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The Family Handyman recommends a clever way of determining the size of fence you need to ensure privacy. With this in mind, you can seek advice from a professional tradesperson about materials and design for a fence capable of withstanding high wind. This is likely to consist of more -- and longer -- fence posts with narrower panels.
Ask a friend to walk around your garden perimeter with a large piece of cardboard. Get your friend to hold up the card at various heights until you have determined the best height to ensure privacy. Measure the height of the card. This is the height of fence you need to build.
Use an anemometer to determine the wind speed in your garden on a typically windy day. As of May 2013, you can purchase one for about £15. Alternatively, use The Energy Saving Trust’s wind speed prediction tool for an approximate wind speed reading for your area.
Ask your fencing supplies merchant for advice on making your fence strong enough to cope with the wind level in your area. Explain that the fence needs to be at the height previously determined to ensure privacy. Purchase materials on the basis of advice from your fencing supplies merchant.
Mark the positions for posts on the perimeter with marking spray. The spacing will be determined by the width of the panels. Dig out the post holes. Place 10 to 20 cm of hardcore in the bottom of each hole. This will provide a key for the concrete and allow groundwater to drain away from the posts, thus helping to prevent rot.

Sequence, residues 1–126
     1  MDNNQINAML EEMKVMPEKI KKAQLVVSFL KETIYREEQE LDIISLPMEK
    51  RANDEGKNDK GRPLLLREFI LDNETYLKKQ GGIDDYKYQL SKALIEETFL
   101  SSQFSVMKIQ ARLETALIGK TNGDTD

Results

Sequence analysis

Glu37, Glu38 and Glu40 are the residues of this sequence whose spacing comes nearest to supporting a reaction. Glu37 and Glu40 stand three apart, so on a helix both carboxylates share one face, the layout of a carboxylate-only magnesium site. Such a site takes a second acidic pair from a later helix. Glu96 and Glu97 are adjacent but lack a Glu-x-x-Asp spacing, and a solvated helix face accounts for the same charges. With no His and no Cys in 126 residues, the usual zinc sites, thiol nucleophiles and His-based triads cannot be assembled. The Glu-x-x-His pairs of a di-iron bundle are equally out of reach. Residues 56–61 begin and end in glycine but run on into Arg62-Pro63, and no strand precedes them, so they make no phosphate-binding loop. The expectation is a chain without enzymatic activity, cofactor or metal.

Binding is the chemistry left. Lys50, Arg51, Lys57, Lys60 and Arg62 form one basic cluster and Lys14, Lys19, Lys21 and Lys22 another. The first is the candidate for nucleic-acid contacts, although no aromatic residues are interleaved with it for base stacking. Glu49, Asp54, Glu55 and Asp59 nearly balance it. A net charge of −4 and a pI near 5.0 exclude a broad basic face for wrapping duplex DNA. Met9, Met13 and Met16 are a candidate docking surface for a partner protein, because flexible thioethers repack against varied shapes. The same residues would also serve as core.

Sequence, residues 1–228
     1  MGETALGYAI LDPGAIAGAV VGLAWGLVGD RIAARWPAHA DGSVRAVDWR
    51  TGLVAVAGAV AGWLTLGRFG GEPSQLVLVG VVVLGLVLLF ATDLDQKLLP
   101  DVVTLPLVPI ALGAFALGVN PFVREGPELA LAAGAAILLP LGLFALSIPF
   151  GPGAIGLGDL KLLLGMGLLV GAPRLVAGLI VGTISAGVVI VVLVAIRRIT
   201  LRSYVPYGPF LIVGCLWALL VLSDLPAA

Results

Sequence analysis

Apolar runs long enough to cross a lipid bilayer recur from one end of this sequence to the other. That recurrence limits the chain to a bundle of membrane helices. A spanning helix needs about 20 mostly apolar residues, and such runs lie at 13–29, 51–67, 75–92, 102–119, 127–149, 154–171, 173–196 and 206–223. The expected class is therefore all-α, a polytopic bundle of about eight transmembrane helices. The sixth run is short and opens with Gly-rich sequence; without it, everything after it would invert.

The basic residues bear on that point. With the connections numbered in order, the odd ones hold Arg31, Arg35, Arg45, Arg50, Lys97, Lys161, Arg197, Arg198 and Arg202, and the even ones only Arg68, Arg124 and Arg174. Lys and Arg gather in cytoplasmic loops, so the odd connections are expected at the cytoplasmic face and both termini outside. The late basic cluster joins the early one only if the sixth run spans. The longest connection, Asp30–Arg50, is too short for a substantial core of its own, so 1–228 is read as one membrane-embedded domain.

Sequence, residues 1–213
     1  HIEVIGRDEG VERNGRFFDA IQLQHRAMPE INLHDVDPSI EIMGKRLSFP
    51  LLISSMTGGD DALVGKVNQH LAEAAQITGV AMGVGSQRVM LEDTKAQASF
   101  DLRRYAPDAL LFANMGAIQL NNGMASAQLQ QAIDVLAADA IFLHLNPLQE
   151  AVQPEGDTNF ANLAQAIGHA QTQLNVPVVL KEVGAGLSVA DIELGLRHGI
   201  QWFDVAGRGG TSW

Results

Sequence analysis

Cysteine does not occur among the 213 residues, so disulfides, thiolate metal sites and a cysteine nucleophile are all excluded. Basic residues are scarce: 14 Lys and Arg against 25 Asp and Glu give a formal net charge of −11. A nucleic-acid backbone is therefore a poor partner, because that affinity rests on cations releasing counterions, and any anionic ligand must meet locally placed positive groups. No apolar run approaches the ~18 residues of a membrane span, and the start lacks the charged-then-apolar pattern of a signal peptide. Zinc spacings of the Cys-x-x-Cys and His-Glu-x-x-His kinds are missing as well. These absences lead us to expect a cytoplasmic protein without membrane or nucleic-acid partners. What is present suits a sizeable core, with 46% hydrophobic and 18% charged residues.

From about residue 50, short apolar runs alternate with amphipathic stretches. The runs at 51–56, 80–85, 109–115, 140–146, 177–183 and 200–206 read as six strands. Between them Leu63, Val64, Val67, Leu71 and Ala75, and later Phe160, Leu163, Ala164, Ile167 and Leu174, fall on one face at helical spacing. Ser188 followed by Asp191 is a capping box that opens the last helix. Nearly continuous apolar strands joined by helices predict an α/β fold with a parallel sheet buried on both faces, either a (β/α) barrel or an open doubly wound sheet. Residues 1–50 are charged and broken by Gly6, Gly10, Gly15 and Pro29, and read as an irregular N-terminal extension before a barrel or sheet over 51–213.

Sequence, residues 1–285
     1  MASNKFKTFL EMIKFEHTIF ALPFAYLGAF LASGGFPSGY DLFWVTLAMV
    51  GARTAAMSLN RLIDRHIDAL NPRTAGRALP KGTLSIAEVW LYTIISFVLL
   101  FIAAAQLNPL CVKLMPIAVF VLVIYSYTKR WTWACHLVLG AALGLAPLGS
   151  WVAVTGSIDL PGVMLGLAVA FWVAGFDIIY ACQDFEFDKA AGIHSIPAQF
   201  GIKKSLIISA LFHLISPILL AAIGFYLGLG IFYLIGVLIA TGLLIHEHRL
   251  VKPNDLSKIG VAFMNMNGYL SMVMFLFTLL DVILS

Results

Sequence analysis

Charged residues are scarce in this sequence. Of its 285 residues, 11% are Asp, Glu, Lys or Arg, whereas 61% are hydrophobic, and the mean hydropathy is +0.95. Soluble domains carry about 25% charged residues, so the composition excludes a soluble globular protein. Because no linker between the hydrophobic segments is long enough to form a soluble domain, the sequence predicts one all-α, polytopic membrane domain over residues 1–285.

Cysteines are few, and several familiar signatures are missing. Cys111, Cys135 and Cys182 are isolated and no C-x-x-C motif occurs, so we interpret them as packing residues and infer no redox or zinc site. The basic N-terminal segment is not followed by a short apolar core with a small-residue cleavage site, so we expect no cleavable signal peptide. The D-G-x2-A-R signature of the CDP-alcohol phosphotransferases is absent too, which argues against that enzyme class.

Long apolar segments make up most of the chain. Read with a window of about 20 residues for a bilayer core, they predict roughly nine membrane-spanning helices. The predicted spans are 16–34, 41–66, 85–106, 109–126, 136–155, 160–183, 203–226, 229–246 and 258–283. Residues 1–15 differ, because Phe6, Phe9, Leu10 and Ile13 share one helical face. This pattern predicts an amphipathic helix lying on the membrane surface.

Place the first post in the first hole. Ask your friend to support the post while holding a spirit level against it to ensure it is vertical. Fill the hole up to ground level with concrete. Proceed in like manner for all the fence posts. Allow the concrete to “go off” or cure. According to The Concrete Society, this could take up to three days.
Fix the fencing panels between the posts with galvanised fence fixing clips. Use the spirit level to ensure consistent height. Place clips around the edges of the panels and attach them to the posts with galvanised clout nails.
- Buy pressure treated fence materials as they offer better protection against the rain.
- A desire for both privacy and a fence capable of withstanding high wind is slightly contradictory. Hurricane fencing -- also known as chain-link -- often withstands wind better as it blows through the gaps.
- Martin Poole/Digital Vision/Getty Images